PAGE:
- Contributed by
- CSV Media NI
- People in story:
- June Martin
- Location of story:
- Belfast, Northern Ireland
- Background to story:
- Article ID:
- Contributed on:
- 26 April 2005
This story was gathered, written and submitted to the BBC Peoples War project by June Martin
The first Christmas I remember was in 1941 when I was 3 years old. On my breakfast plate I was surprised to find some cards —my Christmas cards from my 2 grannies and my 2 wee friends who lived next door. There was also a rosy red apple — a rare delicacy in those wartime years. It had come all the way from Canada in the Merchant Navy boat my mother’s cousin served in as an engineer.
Christmas dinner was always a treat. We usually had a turkey, but once we had a goose and another time my father killed a white Aylesbury duck that for a few weeks before Christmas had waddled round the garden with the hens. On Christmas Eve night he sometimes had to pluck the bird but always he had to “draw” it i.e. clean it by removing all the guts and offal etc. On Christmas morning my mother made her own stuffing. We always had two stuffings, one based on breadcrumbs, parsley and onion and the other made from mashed potatoes, onion and cooking apples. The heart and liver and kidneys were used for the soup. To finish we had home made plum pudding and trifle, made from jelly, tinned fruit and cream skimmed off from the “top of the bottles” of milk and then whipped.
As soon as my grandmother, aunt and uncle arrived, by bus, from the other side of town, we had our soup. Then I would dress in my “fairy dress”, a white ballet dress all covered in sequins, and holding my fairy wand in one hand, I would distribute the presents from under the Christmas tree. This was always a spruce fir and was decorated with electric “fairy lights” which were carefully stored from Christmas to Christmas. Before erecting the tree my father would spend hours testing the lights, repairing them, as new lights were impossible to get during the war. Most of the ornaments, sometimes btoken, dated back to pre-war days, and were supplemented by my home- made efforts of painted fir cones and tinfoil cut outs. There was always a fairy — or was it an angel? - at the top of the tree.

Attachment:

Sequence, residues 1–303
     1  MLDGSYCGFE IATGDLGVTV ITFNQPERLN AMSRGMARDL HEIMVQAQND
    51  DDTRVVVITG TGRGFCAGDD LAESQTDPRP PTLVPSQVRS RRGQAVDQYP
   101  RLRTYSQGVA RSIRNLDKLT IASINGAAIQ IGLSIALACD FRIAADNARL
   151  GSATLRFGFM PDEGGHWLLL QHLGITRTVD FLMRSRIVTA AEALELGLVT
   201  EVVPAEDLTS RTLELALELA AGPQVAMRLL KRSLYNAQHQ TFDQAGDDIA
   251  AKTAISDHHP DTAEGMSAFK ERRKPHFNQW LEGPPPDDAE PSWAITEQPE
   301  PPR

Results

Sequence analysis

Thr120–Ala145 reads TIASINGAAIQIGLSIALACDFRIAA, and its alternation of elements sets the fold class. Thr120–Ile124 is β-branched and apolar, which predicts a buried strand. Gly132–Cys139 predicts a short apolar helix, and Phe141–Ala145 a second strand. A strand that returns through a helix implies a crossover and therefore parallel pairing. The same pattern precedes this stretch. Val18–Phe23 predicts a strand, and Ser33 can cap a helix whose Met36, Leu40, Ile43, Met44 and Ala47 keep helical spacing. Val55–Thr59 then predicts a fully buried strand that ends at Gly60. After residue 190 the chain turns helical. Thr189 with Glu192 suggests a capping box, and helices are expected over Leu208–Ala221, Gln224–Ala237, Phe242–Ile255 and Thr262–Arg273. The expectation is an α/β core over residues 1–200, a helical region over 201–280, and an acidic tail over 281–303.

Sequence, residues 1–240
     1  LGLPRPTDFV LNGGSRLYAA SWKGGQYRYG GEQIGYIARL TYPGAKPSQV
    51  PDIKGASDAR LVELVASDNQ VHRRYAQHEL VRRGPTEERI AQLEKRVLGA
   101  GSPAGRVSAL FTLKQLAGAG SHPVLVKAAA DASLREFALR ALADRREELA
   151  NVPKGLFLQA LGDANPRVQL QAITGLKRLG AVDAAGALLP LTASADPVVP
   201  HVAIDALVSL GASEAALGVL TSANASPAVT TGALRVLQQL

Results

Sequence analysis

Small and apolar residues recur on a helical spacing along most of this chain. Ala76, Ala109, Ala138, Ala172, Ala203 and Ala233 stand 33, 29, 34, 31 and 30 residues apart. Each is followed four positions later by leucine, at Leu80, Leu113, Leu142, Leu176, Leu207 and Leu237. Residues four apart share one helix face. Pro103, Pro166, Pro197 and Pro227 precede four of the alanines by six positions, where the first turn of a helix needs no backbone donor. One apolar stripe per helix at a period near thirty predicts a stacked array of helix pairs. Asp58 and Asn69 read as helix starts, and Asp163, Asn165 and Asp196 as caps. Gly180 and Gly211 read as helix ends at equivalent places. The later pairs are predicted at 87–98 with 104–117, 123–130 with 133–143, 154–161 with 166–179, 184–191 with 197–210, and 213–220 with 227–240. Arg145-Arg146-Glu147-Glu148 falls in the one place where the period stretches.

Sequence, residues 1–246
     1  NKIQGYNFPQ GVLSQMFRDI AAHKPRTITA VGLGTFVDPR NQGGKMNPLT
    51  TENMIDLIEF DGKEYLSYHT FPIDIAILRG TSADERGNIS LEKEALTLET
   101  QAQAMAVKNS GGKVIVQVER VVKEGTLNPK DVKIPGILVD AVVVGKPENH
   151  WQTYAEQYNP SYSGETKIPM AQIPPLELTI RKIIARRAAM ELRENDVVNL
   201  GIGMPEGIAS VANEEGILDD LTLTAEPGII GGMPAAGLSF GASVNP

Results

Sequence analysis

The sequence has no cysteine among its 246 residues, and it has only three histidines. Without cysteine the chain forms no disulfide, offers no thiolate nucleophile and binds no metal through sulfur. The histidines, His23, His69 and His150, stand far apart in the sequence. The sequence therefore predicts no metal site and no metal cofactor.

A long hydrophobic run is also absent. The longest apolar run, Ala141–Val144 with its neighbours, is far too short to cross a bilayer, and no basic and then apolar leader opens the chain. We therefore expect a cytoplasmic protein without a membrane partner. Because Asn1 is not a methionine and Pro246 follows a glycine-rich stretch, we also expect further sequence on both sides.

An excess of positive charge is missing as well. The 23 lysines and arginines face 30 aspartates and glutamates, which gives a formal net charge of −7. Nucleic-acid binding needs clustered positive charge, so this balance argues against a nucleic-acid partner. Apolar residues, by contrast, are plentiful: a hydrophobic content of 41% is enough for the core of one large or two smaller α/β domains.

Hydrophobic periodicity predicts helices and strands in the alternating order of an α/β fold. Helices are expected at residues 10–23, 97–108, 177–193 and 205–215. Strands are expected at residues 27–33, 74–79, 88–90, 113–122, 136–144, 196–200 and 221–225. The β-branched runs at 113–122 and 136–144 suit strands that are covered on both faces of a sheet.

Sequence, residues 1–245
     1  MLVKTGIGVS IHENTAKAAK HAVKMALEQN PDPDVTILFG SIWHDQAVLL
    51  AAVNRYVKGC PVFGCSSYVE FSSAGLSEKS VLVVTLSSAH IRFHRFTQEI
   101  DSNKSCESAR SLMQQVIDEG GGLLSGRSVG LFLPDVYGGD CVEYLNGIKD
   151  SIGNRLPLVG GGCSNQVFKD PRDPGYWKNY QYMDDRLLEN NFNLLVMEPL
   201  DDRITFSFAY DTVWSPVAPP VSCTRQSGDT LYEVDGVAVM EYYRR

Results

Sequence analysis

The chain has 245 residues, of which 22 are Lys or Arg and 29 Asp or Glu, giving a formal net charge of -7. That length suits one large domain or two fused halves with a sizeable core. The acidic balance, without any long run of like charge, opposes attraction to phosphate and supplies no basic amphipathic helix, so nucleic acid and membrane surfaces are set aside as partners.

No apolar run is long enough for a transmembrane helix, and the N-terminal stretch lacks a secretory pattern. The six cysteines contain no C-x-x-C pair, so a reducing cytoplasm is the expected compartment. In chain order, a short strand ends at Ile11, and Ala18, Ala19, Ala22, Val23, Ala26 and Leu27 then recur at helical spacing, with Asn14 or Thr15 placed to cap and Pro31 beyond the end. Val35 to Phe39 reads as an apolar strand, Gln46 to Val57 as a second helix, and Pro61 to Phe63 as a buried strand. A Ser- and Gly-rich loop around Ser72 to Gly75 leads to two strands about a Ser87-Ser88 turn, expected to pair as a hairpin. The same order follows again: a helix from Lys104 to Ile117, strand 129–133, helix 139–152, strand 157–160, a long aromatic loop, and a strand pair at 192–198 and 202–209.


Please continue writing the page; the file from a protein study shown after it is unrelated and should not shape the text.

We were still at the dinner table at 3p.m. when we would listen to the King’s speech on the wireless.. Everybody stood up at the end and toasted the King. As we were a tee- total family the toasts were made either with brown lemonade (a special Christmas treat) or ginger wine. This my mother made every year from ginger wine essence and water.
In the afternoon we would play board games, such as Snakes and Ladders and Monopoly. My mother would indulge in chocolates galore as my father had saved our sweet rations for several weeks to buy her Milk Tray or Dairy Box. I would also play with any special toys that Santa had put into my pillowcase on Christmas Eve night. One year he brought me a sweet shop. My cousin got a nearly identical one and the following year we each received almost identical dolls’ houses. I later learned that my father and uncle had made these since you just couldn’t buy such things. They had saved tiny jars for the dolly mixture sweets and made miniature scales for the shops while with odd pieces of varnished wood they had fashioned wee tables, dining chairs, beds and wireless sets for the houses.
The next day, Boxing Day, my relatives came again when we finished the turkey, plum pudding and trifle. But I always enjoyed the brown stew my mother conjured up from the last remnants of turkey on the third day for after that we were back to basic rations!
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